I know snapping turtles are not endangered. Yet, it is our duty to protect the turtle nests and ensure a sure future for the hatchlings. The Nashville Zoo Turtle Release Team is doing the same thing.
The authority collects wild eggs or hatchlings, raises them until they become big enough to be predated. This way, the risks of endangerment of this species decrease.
Again, sometimes the baby snapping turtles come to the yard with floodwater. In those cases, you might shelter the hatchlings for a few months or years and then release them into the wild. The same goes for an injured snapping turtle.
But, you should never release a pet snapping turtle. In many states, this act is illegal. Also, the pets struggle to cope with the wild environment.
For these reasons, it is always suggested to think about the long-term financial and mental commitment before getting a snapping turtle.
What to do if you are confused about whether to release a turtle or not? The answer is always no. Do not put an innocent life at risk. Instead, you can put the pet for adoption or seek out help.
What To Do If You Find A Baby Snapping Turtle?
If you find a baby snapping turtle, leave the creature alone as long as it is not in danger. In case there is any sign of injury, call animal control for help, or you can take the baby to a vet all by yourself.
Baby snapping turtles are cute and look vulnerable. But the truth is, they are born survivors.
The mother snapping turtle lays her eggs and leaves the nest. The hatchlings come out and make to live all by themselves. So, the hatchlings are stronger than you think.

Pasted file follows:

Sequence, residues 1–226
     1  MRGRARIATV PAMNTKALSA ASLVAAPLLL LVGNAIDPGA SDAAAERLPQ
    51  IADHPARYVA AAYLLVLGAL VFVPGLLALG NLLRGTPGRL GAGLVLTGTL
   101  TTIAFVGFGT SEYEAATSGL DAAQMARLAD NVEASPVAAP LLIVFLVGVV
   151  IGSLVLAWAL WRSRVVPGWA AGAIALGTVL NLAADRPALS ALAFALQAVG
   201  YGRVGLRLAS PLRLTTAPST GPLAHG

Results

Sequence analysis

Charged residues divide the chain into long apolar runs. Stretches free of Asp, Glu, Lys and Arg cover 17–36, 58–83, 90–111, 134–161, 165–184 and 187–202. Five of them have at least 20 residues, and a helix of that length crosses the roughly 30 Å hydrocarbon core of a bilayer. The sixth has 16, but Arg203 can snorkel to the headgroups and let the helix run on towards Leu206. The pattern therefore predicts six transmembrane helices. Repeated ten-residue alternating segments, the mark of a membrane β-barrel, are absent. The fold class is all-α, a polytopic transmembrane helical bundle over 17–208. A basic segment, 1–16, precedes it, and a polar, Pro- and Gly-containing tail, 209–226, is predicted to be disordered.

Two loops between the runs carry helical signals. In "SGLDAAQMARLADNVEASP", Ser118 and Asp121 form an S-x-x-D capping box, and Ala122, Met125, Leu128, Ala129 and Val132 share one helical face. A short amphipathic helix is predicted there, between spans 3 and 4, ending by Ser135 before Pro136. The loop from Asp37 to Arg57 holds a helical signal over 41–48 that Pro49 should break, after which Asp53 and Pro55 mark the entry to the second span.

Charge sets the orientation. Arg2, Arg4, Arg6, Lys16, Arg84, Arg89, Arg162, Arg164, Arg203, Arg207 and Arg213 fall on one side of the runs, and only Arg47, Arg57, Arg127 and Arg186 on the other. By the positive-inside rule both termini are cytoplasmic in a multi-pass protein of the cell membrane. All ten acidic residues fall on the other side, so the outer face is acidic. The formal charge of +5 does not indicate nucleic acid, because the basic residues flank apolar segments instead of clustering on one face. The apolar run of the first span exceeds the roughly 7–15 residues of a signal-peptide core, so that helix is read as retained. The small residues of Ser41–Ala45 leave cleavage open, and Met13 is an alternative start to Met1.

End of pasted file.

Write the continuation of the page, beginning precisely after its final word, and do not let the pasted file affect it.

If you have found a baby snapping turtle, the chances are that the hatchling is roaming around. Leave the creature alone, and it will find its way.
However, if you find a hatchling in a dry land, the baby must have lost its way. In that case, you can relocate the snapping turtle and release it near a water source. If you are not so sure about the releasing site, contact the concerned wildlife authority.
A few years back, I found an injured baby snapping turtle in my yard. I wasted no time and rushed to the vet. I even volunteered and sheltered the baby for a few weeks. Then I contacted my local turtle rescue agency and handed them the baby.
What will you do if you find an adult snapping turtle on your property? Here is a detailed instruction.
It is not recommended to release pet snapping turtles into the wild. But if the situation is not in your favor and you have to do something like this, consult with the wildlife experts first. They will guide you throughout the procedure or suggest you the best way out.